This catalog was produced by the Pacific Asia Museum for the exhibition ONE HUNDRED YEARS OF PHILIPPINE PAINTING held at the museum in Pasadena, California from June 26 to December 30, 1984 "The nation of the Philippines is made up of a remarkable group of islands rich in natural resources and natural beauty, but its mos valuable resource is its people. A high degree of culture existed in the Philippines over 2,000 years ago, and important finds of superb gold objects from the southern islands attest to this fact. The Chinese traded objects of porcelain for those of gold, rare woods, and spices. This trade flourished actively from about the 5th century A.D. until the end of the Ch'ing Dynasty (1912) with the most active periods being the Sung Dynasty (960-1279), Yuan Dynasty (1260-1368), and the Ming Dynasty (1368-1644). Extensive archeological field work is now being done, and many fine examples of Chinese ceramics have come to light. The Spaniards came in the early 16th century and by the 1590's, the University of Santo Tomas had already been established in Manila. After this time, a great trade flourished between another Spanish colony, Mexico. It is hoped by this exhibition will help the viewer perceive Philippine culture with new eyes and with the respect it deserves." David Kamansky Director, Pacific Asia Museum June 1984
Minor scratches on front cover, Has dedication writings on first blank page, No folds, No torn pages, In super excellent condition, Full color.
The cover is the portrait of Fernanda de Jesus, 1915 by Fernando Amorsolo
- Paperback: 92 pages
- Publisher: Pacific Asia Museum; 1st edition (July 1, 1984)
- Language: English
- ISBN-10: 0295965355
- ISBN-13: 978-029596535
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More about the book....
In July 1984 the Pacific Asia Museum in Pasadena, California held an art exhibition entitled “One Hundred Years of Philippine Painting” which revealed how much had happened in a short period (1884-1984) in a country that once was the colony of Spain and the United States through art. It displayed famous works by Pilipino artists such as Juana Luna or Felix Resurreccion Hidalgo. They both had won the highest award at the National Exposition of Fine Arts at Madrid in 1884--the first time for non-Europeans to achieve such a feat. Their victories in academic art debunked the racist claim that all Pilipinos were a backward people. During the colonial period of Spanish rule, Luna and Hidalgo along with other artists defined the Pilipino image with desirable traits such as modesty, hardiness, resilience, patience and helpfulness.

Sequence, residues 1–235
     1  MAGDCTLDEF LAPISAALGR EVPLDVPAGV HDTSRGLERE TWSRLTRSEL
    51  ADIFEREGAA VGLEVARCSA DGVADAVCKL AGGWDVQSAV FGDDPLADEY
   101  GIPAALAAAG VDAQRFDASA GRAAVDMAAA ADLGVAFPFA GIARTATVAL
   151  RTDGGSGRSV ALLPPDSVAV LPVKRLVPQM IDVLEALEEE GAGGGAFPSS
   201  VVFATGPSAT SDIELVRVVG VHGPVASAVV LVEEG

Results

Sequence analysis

The artist, Fernando Amorsolo added a refreshing sweetness and optimistic style to his provincial scenes, and also popularized genre painting in the late nineteenth century. He was known for his many views of peasants in colorful costumes planting or harvest rice, resting in the shade of mango trees, or dancing at fiestas, always relaxed- smiling and content. It was as if poverty, disease, hunger, malnutrition and injustice did not spread the countryside of the Philippines. The paintings were a reflection of a people who worked diligently and were appreciative of the little things in life. On the other side of the artistic spectrum, a development called social realism displayed a powerful and intimate close-up of the harshness of poverty and ramshackle houses in the background by artists such as Alfredo Manrique and Edgar Fernandez. They displayed the grimmer aspects of third world realities.
Philippine painting during this period of time reflected a Western influence, but also embodied authentic Philippine experience. The ultimate purpose of the exhibition was to gain full understanding of Philippine realities in a society ruled by colonial domination, which prevented fellow countrymen to be truly free to look after their own interests. Twenty-three years later, the lessons of the exhibition still resonate today. The works of art conveyed a heightened consciousness of shared struggle and sacrifice during a crucial and transitional hundred years of Philippine history.